1970s In September 2014, Detroit Lions head athletic trainer Dean L. Kleinschmidt, BS’71, brought a 41-year NFL career to a close. After his sophomore year at IU, Kleinschmidt served as a training camp Assistant Trainer with the Green Bay Packers. Following graduation, he worked for the New Orleans Saints for 31 years, had two seasons with the Washington Redskins, and served with the Lions since 2007. As Kleinschmidt was winding up his NFL career, his son, Rhett L. Kleinschmidt, BS’05, MS’07, a former IU football receiver, went on the air as co-host of the NFL Network’s daily morning show, NFL AM. He uses the name Rhett Lewis on camera. The Indiana University School of Public Health–Bloomington honored Robert J. Nickovich, BS’72, MPA’86, CEO of Lake County (Ind.) Parks and Recreation, at its Distinguished Alumni Awards banquet in April. He received the John R. Endwright Distinguished Alumni Service Award, which recognizes alumni for outstanding service and contributions. Nickovich lives in Crown Point, Ind. Michigan Department of Natural Resources’ Chief of Parks and Recreation Ronald A. Olson, MS’72, recently received the Distinguished Service Award from the National Association of State Park Directors. The award recognizes a state park director who has demonstrated professional accomplishment in the field of parks and recreation management. Olson lives in Ann Arbor, Mich. In October 2014, Joel F. Meier, ReD’73, and his wife, Patricia, were honored by Indiana University and the IU Foundation as Partners in Philanthropy. They were recognized for the integral role they have played in furthering the university’s philanthropic goals as volunteers and supporters. The Meiers received the Cornerstone Award for their efforts on behalf of the School of Public Health–Bloomington and the IU Art Museum. Meier is a Professor Emeritus in Recreation, Park, and Tourism Studies in the School of Public Health–Bloomington. Robert M. Johnson, MS’75, of Springfield, Mo., retired in the spring after 39 years in outdoor education, recreation, and state environmental offices in Indiana and Missouri. Shortly after retiring, he was recognized with a 2014 environmental excellence award by the Community Partnership of the Ozarks (Mo.).

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In June, during its annual Alumni Leaders Conference, the IU Alumni Association honored Kimberly J. Davis, MS’78, with its President’s Award for service and volunteer leadership to the IUAA. An educator, writer, presenter, and video producer, Davis has served on the IUAA Executive Council and has a long affiliation with the IU GLBT Alumni Association, serving on the organization’s board twice and as President from 2001 to 2005. She has mentored countless young people and has participated on numerous panels regarding a wide range of GLBT topics. Davis, of Bloomington, Ind., received the GLBTAA Distinguished Alumni Award in 2014 and the GLBT Spirit Award in 2004.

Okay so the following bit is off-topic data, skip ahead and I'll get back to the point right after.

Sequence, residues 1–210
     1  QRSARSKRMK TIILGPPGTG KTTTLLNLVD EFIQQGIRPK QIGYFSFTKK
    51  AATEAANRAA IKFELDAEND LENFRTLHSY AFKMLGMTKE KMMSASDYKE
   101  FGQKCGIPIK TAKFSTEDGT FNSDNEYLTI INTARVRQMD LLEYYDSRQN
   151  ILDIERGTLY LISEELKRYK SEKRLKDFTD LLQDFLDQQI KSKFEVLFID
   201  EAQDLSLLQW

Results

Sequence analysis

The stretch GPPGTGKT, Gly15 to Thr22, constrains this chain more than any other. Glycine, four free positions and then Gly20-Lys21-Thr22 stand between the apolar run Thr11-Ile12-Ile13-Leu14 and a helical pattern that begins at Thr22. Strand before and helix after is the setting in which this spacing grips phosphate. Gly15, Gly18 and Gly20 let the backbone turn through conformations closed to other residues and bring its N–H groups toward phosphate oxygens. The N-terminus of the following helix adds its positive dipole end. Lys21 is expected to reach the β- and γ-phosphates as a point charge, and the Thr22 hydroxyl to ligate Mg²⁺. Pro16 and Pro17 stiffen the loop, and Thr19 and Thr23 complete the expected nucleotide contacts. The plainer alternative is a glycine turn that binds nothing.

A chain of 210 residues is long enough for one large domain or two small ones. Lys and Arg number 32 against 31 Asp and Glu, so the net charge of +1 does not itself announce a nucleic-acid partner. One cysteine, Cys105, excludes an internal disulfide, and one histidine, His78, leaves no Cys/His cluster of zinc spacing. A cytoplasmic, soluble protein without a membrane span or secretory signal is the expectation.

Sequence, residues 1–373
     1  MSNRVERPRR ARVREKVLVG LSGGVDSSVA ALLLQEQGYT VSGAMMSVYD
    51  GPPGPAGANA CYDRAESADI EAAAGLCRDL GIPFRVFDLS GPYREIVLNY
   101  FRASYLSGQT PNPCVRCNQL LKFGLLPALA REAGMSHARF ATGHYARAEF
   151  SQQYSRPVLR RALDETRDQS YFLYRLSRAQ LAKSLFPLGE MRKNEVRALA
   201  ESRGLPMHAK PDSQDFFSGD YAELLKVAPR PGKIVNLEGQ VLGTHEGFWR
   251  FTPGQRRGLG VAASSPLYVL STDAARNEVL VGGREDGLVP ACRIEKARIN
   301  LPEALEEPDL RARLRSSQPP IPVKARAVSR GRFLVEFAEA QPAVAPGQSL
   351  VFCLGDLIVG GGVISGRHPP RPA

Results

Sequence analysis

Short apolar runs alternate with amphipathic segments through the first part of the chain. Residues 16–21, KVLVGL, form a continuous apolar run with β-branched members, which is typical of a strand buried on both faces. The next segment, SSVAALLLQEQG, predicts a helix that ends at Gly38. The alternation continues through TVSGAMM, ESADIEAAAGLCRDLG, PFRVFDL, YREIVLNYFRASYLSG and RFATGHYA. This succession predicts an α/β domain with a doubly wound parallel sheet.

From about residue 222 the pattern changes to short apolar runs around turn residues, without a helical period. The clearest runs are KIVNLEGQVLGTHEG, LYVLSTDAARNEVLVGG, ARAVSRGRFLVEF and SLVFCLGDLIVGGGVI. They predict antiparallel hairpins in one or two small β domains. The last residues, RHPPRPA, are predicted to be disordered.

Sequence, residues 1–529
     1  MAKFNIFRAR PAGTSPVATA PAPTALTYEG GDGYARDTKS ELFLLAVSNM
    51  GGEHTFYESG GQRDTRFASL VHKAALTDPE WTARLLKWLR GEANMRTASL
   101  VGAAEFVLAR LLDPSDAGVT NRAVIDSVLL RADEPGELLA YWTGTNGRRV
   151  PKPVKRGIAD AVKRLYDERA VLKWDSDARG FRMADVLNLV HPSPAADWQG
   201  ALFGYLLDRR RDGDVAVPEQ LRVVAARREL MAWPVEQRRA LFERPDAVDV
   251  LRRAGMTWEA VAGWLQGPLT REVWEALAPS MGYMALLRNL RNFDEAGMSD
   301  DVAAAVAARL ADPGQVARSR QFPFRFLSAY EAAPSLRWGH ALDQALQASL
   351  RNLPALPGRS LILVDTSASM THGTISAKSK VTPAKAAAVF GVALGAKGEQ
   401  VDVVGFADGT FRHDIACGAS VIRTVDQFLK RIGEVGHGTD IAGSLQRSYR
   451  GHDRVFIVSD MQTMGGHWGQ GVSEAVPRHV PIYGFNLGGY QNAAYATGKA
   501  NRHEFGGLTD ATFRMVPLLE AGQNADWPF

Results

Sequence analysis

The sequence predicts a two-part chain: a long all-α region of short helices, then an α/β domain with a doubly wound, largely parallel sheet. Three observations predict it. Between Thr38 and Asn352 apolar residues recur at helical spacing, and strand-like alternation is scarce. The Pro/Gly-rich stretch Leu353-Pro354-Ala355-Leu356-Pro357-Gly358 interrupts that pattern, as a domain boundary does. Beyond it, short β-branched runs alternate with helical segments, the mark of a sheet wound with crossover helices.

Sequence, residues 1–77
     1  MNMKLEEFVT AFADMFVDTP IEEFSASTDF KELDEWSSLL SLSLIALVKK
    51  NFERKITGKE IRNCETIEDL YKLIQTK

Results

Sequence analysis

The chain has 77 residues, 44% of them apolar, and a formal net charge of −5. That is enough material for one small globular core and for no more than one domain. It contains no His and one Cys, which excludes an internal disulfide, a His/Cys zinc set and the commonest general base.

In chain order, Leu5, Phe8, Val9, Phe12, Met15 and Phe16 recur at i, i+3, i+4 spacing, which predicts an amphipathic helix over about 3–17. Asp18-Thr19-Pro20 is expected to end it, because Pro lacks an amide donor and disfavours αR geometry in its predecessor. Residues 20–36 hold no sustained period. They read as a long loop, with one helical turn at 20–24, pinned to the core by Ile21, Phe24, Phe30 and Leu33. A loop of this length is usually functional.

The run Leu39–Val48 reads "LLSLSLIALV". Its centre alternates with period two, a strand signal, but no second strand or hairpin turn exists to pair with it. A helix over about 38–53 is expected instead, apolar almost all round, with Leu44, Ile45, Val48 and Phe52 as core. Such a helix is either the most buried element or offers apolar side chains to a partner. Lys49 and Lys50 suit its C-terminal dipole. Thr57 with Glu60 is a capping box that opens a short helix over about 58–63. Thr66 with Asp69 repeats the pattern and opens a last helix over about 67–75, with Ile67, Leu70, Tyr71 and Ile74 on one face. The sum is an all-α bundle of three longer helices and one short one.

1980s Steven L. Gilbert, MS’80, of Jacksonville, Fla., was recently named CEO of Communities in Schools of Jacksonville—a school based dropout-prevention program. Gilbert spent the previous seven years as COO of Big Brothers and Big Sisters of Northeast Florida. He began his professional career as a college football coach in 1980. During his 27 years college coaching, he was a head football coach for 19 years – 10 years at Ursinus College in Collegeville, Pa., and nine years at Jacksonville University in Jacksonville, Fla. – where he started the football program from scratch. Richard E. Killingsworth, MPH’88, of Middletown, Del., received the W.W. Patty Distinguished Alumni Award at the IU School of Public Health–Bloomington annual awards banquet in April. The award is the oldest and most prestigious alumni recognition award bestowed by the school to a graduate who has demonstrated outstanding personal and professional achievement in his or her career. Killingsworth is Chief of Health Promotion and Disease Prevention at the Delaware Division of Public Health. Michael R. Lysko, MS’88, Director and Professor of Sport Management Programs at Southern Methodist University, also received the W.W. Patty Distinguished Alumni Award at the IU School of Public Health–Bloomington Distinguished Alumni Awards banquet in April. Lysko lives in Allen, Texas.

1990s Track and field I-Man Duane A. Brodt, BS’91, BS’92, has been named Director of Public Relations at Conner Prairie Interactive History Park in Fishers, Ind. After 12 years as a journalist in central Indiana, Brodt transitioned to the public relations field and has worked for the Salvation Army Indiana Division, Indiana State University, two central Indiana public relations firms, and the National FFA Organization since 1998. He lives in Fishers with his wife, Mimi, and sons Ben and Sam. The IU School of Public Health–Bloomington presented Mary C. Schutten, PED’94, with the Anita Aldrich Distinguished Alumni Award at its annual awards banquet in April. The award honors graduates who have demonstrated outstanding achievement in professional excellence, service to the community, and loyalty to Indiana University relative to the advancement of girls and women. Schutten, who is Associate Dean and Professor of Movement Science at Grand Valley State University, lives in Holland, Mich.